By Pete Freedman
By Dallas Observer
By Dallas Observer
By Brantley Hargrove
By City of Ate
By Dallas Observer Staff
By Seth Cohn
By Pete Freedman
At the end of a low-slung, flat-roofed, unprepossessing strip mall is a room that for some 40 years has been the site of mysterious magnetic or gravitational natural occurrences, not unlike the Bermuda Triangle. Since before the JFK assassination, whether the name on the door was The Loon, Joe Miller's or The Villager Club, the wrists of bartenders here have been loosened to pour deeply and heavily to the delight and occasional downfall of their patrons. Partly as a result, all dates in this story are approximate, coming as they do from the hazy memories (including my own) of longtime patrons and employees. For whatever reason, the one person in a position to know them for sure, Homer Rader, who has owned the property at 3531 McKinney Ave. throughout, declined to be interviewed for this article.
One thing everyone agrees on is that the room has always been dark, especially when entered from the blinding summer sunlight. Built into the brick wall by the original entrance is a functioning wood-burning fireplace, still welcome on winter nights but invaluable to the ambience when it first opened as a jazz bar, The Villager Club, in the early '60s. "It was just about the hippest spot in town," says longtime scene-maker Bill Gilliland, who was president of the Dallas Jazz Society at the time. "It would have been right at home in any noir movie, dark, smoky and always with an ironically detached piano player. The hippest people in town would gather there, including a lot of writers, journalists and otherwise, and--unusual because Dallas was only somewhat integrated at the time--a lot of black musicians, athletes, assorted hipsters and beautiful women."
Banks Dimon, who played drums at the club for years backing Jac Murphy, the ironically detached piano player who owned the club for a while, agrees. "The scene was a lot different back then; there were dozens of jazz clubs around town, many of them right on McKinney, and The Villager was where everybody wound up jamming, listening, drinking."
That's something else that's changed. Most people don't drink the way many people did 20 or 30 years ago, and most of the scenes from that room now sound like they belong in that smoky old noir film: a lot of passing out, a little nudity and some epic fights. One of the funniest involved legendary Dallas bartender Joe Miller, who figures large in the history of this room. According to Dimon, a jingle singer named Frank Bloebaum was a regular at The Chateaubriand, another storied Dallas spot where Miller then ran the bar, and had been verbally harassing Miller for weeks. "Joe was three sheets to the wind in The Villager one night when Frank walked in and the two immediately got into it. Their voices got louder and angrier until finally Joe threw a punch. He was so drunk that he missed completely and knocked over several tables, breaking a couple of ribs in the process. The whole town knew about it overnight, and the bar at the Chateau was mobbed for the next couple of weeks with people who wanted to watch Joe working in his cast."
In the mid-'70s, The Villager closed and Joe Miller opened his eponymous saloon there. Joe got rid of the piano and the sunken bar but changed little else. The newspaper and TV news guys, like livestock to the barn, returned to make it a sort of unofficial press room. Our current mayor used to drink there. Karen Hughes, W's close aide, met her husband there. Back when Dallas had two dailies, competing writers with the same beat would sometimes share assignments with the guy covering the story by calling it in to the writer at Joe's. According to Louie Canelakes, Joe's second-in-command and for the past 17 years the proprietor of Louie's, "At Joe's, there was no rivalry between the papers, but all the writers would drink together, and so would the editors, and the two groups would cuss each other."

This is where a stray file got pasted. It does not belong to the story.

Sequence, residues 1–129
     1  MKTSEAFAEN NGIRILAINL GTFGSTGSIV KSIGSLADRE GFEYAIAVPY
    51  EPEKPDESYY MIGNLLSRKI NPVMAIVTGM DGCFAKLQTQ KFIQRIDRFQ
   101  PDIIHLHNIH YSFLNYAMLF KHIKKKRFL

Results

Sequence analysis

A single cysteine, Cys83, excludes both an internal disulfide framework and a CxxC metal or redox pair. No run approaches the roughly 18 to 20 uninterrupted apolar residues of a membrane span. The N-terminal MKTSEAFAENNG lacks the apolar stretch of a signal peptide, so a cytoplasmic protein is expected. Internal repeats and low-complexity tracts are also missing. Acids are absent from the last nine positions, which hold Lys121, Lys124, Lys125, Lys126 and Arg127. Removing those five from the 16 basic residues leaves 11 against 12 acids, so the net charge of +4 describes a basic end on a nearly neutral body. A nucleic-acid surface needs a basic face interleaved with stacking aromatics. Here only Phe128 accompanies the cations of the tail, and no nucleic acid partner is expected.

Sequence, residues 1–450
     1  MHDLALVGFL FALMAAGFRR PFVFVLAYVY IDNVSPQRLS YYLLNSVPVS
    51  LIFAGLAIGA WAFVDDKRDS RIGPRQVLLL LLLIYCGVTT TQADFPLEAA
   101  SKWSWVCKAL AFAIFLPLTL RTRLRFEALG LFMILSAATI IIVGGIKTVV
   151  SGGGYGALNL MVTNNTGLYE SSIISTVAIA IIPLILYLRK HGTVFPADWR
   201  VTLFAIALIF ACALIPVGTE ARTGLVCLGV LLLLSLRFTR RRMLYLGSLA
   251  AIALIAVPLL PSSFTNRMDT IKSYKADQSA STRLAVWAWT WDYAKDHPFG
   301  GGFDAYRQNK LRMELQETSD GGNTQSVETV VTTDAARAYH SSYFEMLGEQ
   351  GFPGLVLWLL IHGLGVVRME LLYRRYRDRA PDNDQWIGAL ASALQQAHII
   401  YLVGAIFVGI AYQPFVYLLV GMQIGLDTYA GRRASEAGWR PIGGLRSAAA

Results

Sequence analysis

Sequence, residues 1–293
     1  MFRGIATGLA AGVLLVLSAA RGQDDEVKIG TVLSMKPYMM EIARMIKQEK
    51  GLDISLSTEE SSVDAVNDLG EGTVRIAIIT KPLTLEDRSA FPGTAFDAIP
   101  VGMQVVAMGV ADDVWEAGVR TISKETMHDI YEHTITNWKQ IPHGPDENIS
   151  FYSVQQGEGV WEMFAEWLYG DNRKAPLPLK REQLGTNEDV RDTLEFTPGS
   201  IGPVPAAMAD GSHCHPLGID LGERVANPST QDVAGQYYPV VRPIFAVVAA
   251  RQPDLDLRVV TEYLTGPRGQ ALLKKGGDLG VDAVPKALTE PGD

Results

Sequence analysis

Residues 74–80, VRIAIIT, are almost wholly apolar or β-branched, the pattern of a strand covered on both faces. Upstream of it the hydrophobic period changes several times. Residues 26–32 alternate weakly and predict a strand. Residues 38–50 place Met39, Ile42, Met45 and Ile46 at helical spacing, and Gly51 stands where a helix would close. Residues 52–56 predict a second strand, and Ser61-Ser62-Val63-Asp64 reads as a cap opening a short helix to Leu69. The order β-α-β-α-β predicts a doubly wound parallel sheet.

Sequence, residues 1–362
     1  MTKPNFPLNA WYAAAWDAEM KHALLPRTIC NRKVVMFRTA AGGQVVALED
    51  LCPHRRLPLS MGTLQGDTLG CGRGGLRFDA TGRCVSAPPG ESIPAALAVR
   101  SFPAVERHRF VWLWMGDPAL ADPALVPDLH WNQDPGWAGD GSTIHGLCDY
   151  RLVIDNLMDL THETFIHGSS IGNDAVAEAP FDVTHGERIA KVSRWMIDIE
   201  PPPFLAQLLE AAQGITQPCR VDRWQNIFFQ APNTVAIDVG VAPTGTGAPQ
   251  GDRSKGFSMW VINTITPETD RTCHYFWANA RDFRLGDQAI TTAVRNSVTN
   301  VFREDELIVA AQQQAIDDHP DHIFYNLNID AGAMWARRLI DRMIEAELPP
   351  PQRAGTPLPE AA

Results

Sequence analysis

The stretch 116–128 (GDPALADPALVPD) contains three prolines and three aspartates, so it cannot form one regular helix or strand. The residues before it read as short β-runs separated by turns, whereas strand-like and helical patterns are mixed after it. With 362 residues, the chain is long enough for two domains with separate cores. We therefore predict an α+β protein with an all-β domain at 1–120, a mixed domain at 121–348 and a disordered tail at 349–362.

The news people were augmented by advertising people, lawyers and the occasional celebrity, and the room was once again the hippest spot in town. The drinks were huge, the talk was spirited and Joe ruled with a whim of iron. Frequently argumentative, rarely violent, Joe would have feuds resulting in the 86-ing of those who displeased him, feuds that were almost always resolved. Louie quotes longtime sportswriter Sam Blair, "Joe Miller's was like Rick's place in Casablanca. Everyone used each other and nobody cared."
Joe died in 1985. His widow, Linda, ran the place for a while, eventually giving up and setting the stage for its current incarnation as The Loon. New owner Cliff Gonzales enlarged the room, squared off the bar and staffed it with what may be the best-looking bunch of young women who are neither hookers nor dancers to be found in any bar in town. (He denies that he hires for looks. I don't believe him.) Perhaps Gonzales' biggest change was to add food, standard bar fare augmented by longtime Dallas chef Alessio Franceschetti's Italian specialties.
Partly because of the food, the extended hours (The Loon now opens at 11 a.m. and serves lunch) and proximity to the West Village, the crowd is more eclectic now, changing as afternoon gives way to evening and then to late night. The war stories sound familiar, though. Gonzales tells of two groups of regulars, one made up of blind people and the other of daily afternoon drinkers known to the bar as "the boys." One of the boys once drank so much that--surely to his good fortune--he was unable to find his car and then couldn't find the door back into the bar. "He was led back in by one of the blind guys, and it brought down the house!"
Under Gonzales, The Loon has continued the tradition of the big drink. "I learned it from Joe," he says. "Pour heavy, make the customers comfortable and they keep coming back." Maybe, but I still go for the mystical force of nature/location theory.